Men's basketball

Trice looking for first career points against Nebraska as Badgers travel to Lincoln

Wisconsin point guard D'mitrik Trice went scoreless in his only career game against Nebraska, but he's a dramatically different player than he was in that contest two seasons ago.

Image By: Cameron Lane-Flehinger

In 67 games at Wisconsin, sophomore guard D’Mitrik Trice has scored 586 points. 

He’s hit layups, floaters, step-backs and spot-ups galore — especially this season, where he is averaging a career-high 14.2 points per game.

But never against Nebraska.

Trice is scoreless against the Cornhuskers in his Wisconsin career, having gone scoreless in Lincoln as a true freshman and missing both dates last season due to injury.

“Honestly, I didn’t know that,” Trice said ahead of Tuesday’s trip to Lincoln. “I didn’t think about it … just you mentioning that actually makes me a little bit more excited to get my first bucket against Nebraska.”

Trice will return to Nebraska as a much-changed player from the one who shot just zero of three in 16 minutes two seasons ago. The redshirt sophomore guard leads this year’s team in minutes and is second in scoring, coming off of an impressive 18-point showing against Northwestern on Saturday.

“I’ve definitely evolved as a player, as a true point guard,” Trice said. “My scoring ability has obviously gone up a little bit, so my whole mentality has changed since my freshman year. I was definitely more of a role player, I’ve come into this team and played a more dominant role as a leader, and as a point guard.”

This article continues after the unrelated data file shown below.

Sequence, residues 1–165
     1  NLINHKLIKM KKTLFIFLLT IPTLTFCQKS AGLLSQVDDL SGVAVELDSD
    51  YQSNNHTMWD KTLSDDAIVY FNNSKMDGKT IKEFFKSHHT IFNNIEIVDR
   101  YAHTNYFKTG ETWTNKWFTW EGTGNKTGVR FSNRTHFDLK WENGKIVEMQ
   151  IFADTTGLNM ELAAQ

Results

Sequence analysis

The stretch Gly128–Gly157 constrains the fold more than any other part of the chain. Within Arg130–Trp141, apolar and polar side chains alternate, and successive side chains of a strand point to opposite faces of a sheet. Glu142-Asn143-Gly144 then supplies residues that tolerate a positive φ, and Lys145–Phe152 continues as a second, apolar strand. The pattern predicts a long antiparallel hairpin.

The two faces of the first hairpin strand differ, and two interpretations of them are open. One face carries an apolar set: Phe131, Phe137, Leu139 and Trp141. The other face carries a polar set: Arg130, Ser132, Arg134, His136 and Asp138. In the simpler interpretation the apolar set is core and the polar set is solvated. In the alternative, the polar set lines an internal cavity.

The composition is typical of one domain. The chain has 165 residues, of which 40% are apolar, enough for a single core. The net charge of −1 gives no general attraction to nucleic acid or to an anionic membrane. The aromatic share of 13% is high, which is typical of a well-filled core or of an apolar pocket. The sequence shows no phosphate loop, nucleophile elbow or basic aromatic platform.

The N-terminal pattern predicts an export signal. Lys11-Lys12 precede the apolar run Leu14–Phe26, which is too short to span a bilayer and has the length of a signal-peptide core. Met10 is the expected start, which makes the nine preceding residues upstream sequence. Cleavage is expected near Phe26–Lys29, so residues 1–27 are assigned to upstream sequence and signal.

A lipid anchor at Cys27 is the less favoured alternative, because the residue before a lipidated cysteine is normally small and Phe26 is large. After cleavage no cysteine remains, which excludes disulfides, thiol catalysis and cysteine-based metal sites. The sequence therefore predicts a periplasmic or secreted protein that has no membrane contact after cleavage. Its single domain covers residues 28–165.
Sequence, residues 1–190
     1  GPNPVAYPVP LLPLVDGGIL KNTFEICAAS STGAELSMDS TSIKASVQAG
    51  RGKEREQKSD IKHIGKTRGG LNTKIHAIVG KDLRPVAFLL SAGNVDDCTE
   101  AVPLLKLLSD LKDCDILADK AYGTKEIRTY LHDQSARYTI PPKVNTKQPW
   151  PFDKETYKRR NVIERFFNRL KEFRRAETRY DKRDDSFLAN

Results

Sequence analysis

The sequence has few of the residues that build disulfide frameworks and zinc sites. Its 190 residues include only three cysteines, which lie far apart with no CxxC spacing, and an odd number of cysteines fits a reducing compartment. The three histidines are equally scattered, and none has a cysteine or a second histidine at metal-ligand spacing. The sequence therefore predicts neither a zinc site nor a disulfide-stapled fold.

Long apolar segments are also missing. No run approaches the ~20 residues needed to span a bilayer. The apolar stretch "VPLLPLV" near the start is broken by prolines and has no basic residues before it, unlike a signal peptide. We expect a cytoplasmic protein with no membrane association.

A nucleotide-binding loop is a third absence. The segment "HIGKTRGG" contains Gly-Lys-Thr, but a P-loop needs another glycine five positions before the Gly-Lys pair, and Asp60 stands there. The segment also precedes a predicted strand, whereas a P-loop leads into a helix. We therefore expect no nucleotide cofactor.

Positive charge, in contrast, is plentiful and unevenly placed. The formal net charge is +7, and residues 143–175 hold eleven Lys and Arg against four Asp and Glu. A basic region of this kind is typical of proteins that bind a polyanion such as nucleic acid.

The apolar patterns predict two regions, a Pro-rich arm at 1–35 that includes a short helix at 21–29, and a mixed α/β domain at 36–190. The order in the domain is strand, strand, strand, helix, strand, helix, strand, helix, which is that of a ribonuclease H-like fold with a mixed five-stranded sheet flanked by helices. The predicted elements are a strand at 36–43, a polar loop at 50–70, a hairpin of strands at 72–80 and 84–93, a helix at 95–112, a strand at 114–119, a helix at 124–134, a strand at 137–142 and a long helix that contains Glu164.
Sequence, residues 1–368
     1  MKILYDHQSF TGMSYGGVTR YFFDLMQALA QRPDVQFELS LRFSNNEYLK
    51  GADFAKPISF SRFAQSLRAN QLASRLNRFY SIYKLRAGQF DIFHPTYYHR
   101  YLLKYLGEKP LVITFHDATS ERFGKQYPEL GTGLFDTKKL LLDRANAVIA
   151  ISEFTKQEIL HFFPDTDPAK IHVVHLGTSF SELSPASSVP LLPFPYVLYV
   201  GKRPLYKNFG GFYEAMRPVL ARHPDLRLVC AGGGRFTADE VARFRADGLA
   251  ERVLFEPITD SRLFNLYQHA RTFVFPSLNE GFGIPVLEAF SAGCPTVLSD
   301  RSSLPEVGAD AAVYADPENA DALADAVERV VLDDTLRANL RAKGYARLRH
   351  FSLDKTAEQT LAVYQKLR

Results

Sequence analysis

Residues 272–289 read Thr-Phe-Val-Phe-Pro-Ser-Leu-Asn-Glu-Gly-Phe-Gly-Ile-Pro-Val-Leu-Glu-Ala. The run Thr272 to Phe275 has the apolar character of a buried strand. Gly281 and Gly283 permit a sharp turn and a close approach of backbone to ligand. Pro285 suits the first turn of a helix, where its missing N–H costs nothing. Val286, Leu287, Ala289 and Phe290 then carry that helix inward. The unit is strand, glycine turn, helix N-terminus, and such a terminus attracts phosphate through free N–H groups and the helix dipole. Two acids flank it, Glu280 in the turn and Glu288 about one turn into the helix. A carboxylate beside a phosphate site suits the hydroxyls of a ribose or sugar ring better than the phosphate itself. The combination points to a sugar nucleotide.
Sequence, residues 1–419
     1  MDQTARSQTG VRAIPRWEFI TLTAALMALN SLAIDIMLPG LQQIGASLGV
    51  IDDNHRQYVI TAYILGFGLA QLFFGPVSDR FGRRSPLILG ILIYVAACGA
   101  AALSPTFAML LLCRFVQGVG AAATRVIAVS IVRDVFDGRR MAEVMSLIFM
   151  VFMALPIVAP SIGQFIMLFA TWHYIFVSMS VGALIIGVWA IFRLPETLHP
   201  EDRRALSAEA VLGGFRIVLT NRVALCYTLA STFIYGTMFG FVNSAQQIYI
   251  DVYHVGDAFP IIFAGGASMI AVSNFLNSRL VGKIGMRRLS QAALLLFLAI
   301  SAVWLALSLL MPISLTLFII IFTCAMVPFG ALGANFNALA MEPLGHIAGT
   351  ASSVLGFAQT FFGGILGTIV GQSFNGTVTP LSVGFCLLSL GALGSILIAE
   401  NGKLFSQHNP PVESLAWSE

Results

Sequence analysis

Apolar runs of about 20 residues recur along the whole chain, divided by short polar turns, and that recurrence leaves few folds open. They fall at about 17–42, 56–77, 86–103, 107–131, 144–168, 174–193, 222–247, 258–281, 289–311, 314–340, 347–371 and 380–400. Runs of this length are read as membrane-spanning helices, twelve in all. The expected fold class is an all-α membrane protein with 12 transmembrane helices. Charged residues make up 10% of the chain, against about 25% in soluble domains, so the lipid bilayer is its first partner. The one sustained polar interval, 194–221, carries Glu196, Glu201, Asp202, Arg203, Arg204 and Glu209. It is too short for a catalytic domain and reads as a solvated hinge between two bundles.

Head coach Greg Gard hinted at Trice’s growing versatility after the win vs. Northwestern, suggesting that Trice’s red-hot three-point shooting in the season’s early stages — he shot 60.6 percent from three over the team’s first five games — was always going to cool off some. He’s averaging career highs in assists (2.7) and rebounds (3.2) this year, and he’s recaptured his shooting as of late, with a four of six performance from deep against Northwestern

“I think he’s done a better job of understanding how he can impact the game in ways other than scoring,” Gard said on Saturday. “[Assistant] coach [Dean] Oliver’s done a terrific job with him with teaching with film, and it helps to have a guy of Dean’s experience and the levels he’s played at to tutor a young guard.”

Trice is certainly capable of impacting a game without scoring, but the Badgers are undoubtedly at their best when their diminutive guard is getting buckets.

In losses this season, Trice is averaging 10.5 points per game on 31.3 percent shooting. In wins that bumps up to 15.8 points per game on 49.4 percent shooting. No other player in Wisconsin’s regular rotation bumps their scoring as much in victories, and only Kobe King exceeds Trice’s 16.1 percent shooting bump.

Trice, in his own words, is still evolving as a player, but much of the role Gard relies on him to perform is still shot-making.

Those abilities will be needed as the Badgers (6-3 Big Ten, 14-6 overall) travel to Lincoln looking for their fourth-straight win. The Cornhuskers (3-6 Big Ten, 13-7 overall), conversely, have dropped three straight during a stretch against No. 6 Michigan State, Rutgers and Ohio State.

The Cornhuskers suffered another blow after senior Isaac Copeland tore his ACL in the game against Ohio State, leaving Nebraska without its second-leading scorer for the rest of the season.

The Badgers will hope Trice can score his first point — and many more — against the Cornhuskers on Tuesday.

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